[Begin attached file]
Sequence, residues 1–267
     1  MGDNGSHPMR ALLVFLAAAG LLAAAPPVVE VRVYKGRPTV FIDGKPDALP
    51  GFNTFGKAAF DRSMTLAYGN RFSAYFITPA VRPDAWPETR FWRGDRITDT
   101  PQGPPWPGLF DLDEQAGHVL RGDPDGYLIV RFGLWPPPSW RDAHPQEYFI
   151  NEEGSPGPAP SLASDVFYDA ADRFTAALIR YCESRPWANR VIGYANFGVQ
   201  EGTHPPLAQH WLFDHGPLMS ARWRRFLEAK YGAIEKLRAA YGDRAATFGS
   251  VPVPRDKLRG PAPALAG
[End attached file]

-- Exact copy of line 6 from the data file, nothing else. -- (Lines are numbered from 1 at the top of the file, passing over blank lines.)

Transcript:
   201  EGTHPPLAQH WLFDHGPLMS ARWRRFLEAK YGAIEKLRAA YGDRAATFGS